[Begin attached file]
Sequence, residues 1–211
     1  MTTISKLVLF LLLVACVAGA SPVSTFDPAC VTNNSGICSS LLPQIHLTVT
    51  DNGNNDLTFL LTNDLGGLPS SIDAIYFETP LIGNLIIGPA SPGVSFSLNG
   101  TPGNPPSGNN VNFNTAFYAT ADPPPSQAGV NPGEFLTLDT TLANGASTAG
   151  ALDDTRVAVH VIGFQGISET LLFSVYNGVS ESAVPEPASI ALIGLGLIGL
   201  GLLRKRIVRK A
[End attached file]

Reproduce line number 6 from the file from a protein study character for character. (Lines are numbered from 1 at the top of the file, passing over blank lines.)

   201  GLLRKRIVRK A